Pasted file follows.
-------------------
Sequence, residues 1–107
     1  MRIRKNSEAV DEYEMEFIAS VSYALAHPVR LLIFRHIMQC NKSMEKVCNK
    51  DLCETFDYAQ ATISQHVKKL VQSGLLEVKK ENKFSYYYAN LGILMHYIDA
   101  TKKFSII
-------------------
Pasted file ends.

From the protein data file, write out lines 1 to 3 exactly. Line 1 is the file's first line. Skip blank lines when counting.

Sequence, residues 1–107
     1  MRIRKNSEAV DEYEMEFIAS VSYALAHPVR LLIFRHIMQC NKSMEKVCNK
    51  DLCETFDYAQ ATISQHVKKL VQSGLLEVKK ENKFSYYYAN LGILMHYIDA